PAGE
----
It has taken some seven years but the Tasmanian DPP’s complaint against former Sue Neill-Fraser lawyer Barbara Etter has been dismissed, while other complaints are upheld.
As reported by Amber Wilson, The Hobart Mercury, March 2, 2022:
FORMER Integrity Commission boss and ex-barrister Barbara Etter has cleared her name over a grievance arising from Sue Neill-Fraser’s high-profile murder trial – but could still face serious sanctions after being found guilty of professional misconduct.
On Tuesday (March 1, 2022), Supreme Court of Tasmania acting judge Brian Martin dismissed a complaint brought against Ms Etter – who previously acted for Neill-Fraser – by now-Director of Public Prosecutions Daryl Coates SC.
In his judgment, Acting Justice Martin outlined comments Ms Etter made on television program 60 Minutes in August 2014, and also on her personal blog, about luminol evidence in the Neill-Fraser trial.
During the 60 Minutes episode, Ms Etter claimed the jury in Neill-Fraser’s trial was shown a “highly prejudicial photograph” of a dingy with a luminol reaction and was wrongly told victim Bob Chappell’s blood was in the vessel.
Mr Coates, in a letter to the Legal Profession Board of Tasmania cited in Acting Justice Martin’s judgment, said “at no point” was the jury told that Mr Chappell’s blood had been found in the dinghy, claiming Ms Etter had attempted to “garner public sympathy by spreading a falsehood”.
Mr Coates also complained Ms Etter alleged two police officers fabricated or interfered with a video recorded interview between the police and Neill-Fraser.
But Acting Justice Martin dismissed Mr Coates’ request that Ms Etter be found guilty of professional misconduct or unsatisfactory professional conduct.
The judge, noting unedited material had indeed been provided to Neill-Fraser’s legal team, said Ms Etter’s actions over the video claims could be regarded “as a fishing expedition” in attempting a coroner to seek further information – and did not amount to professional misconduct.
Regarding the luminol complaint, Acting Justice Martin said during the trial, the Crown had opened its case by informing the jury that luminol in the dinghy indicated the presence of blood, and it was not inappropriate for Ms Etter to describe the photo as “highly prejudicial”.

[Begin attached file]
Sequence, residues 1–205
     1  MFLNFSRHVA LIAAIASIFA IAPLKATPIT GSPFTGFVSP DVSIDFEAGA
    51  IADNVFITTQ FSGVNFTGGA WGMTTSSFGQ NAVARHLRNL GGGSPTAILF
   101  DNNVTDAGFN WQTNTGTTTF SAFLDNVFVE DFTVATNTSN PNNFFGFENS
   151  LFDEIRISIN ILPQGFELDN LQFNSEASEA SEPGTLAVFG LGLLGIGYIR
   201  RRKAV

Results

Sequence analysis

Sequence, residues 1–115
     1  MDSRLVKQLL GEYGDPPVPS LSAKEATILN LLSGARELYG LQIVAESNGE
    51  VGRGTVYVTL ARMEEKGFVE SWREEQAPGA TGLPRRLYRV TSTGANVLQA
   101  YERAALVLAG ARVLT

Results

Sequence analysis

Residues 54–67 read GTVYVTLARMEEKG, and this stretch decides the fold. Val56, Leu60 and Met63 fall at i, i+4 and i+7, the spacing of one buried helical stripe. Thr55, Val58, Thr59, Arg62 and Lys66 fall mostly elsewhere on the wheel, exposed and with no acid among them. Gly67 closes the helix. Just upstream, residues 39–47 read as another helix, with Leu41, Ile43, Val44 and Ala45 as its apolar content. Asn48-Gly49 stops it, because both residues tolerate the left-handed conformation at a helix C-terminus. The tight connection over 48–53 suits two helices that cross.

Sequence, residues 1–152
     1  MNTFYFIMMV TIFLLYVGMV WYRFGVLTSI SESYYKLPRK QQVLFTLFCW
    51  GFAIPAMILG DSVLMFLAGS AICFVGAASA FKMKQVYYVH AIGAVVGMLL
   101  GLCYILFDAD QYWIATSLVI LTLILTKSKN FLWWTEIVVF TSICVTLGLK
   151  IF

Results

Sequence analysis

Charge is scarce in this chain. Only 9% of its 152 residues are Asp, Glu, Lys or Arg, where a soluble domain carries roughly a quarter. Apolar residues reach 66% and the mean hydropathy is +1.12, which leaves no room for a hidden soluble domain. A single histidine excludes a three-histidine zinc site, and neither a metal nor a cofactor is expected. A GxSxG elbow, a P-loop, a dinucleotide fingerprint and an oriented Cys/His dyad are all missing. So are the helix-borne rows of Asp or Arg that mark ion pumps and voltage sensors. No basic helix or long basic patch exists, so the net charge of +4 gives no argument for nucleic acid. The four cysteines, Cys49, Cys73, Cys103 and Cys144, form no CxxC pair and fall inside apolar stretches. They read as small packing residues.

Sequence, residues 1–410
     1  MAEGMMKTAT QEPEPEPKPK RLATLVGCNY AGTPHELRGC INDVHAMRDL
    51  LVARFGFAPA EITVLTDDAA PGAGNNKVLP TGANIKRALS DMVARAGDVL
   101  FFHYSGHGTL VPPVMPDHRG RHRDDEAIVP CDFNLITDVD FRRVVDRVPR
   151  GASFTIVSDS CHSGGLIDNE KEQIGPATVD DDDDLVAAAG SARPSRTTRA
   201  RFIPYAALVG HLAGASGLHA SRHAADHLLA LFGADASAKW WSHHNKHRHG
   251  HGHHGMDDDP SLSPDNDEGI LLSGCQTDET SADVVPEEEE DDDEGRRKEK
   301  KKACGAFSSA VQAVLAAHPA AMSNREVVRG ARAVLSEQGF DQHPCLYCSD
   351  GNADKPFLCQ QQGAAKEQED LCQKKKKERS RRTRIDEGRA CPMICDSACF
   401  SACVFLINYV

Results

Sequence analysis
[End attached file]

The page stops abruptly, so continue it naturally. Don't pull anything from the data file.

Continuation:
However, a second complaint against Ms Etter was upheld, with Acting Justice Martin finding her guilty of professional misconduct by bringing vexatious complaints against four lawyers – Mr Coates and former DPP Tim Ellis SC relating to the Neill-Fraser trial, and Kate Cuthbertson and Emily Warner regarding a coronial inquest.
“It is clear from Ms Etter’s evidence that she endeavoured to use the complaint process as a means of fighting back against the board and legal practitioners involved with the board,” he said.
Ms Etter was also found guilty of a second instance of professional misconduct by “improperly attempting to influence the coroner’s decision” over the 2007 death of Tasmanian woman Rita Greer.
However, Acting Justice Martin found the remainder of the Greer complaint (six other issues) had not been made out.
“Ms Etter undoubtedly annoyed a number of persons with whom she dealt, and her voluminous correspondence was probably not met with much enthusiasm,” the judge said.
“However, being a difficult or annoying practitioner generally … does not translate into misconduct.”
As a result of the findings, Ms Etter – who quit the legal profession in 2018 after her legal practising certificate was temporarily suspended – could be subject to sanctions such as being struck off as a lawyer.
(Acting Justice Martin will announce his decision on sanctions on March 10, 2022.)
For more about the Legal Profession Board of Tasmania, see
“A law unto themselves, absent model principles” by Bill Rowlings, CEO, Civil Liberties Australia